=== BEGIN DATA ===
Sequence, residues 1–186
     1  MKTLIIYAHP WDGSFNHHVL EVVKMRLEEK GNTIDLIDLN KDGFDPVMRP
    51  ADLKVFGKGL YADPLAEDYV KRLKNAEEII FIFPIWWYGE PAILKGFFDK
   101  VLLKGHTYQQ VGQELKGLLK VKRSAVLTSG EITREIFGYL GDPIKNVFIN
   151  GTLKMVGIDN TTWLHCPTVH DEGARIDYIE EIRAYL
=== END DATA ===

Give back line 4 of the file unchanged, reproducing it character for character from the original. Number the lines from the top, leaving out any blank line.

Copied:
   101  VLLKGHTYQQ VGQELKGLLK VKRSAVLTSG EITREIFGYL GDPIKNVFIN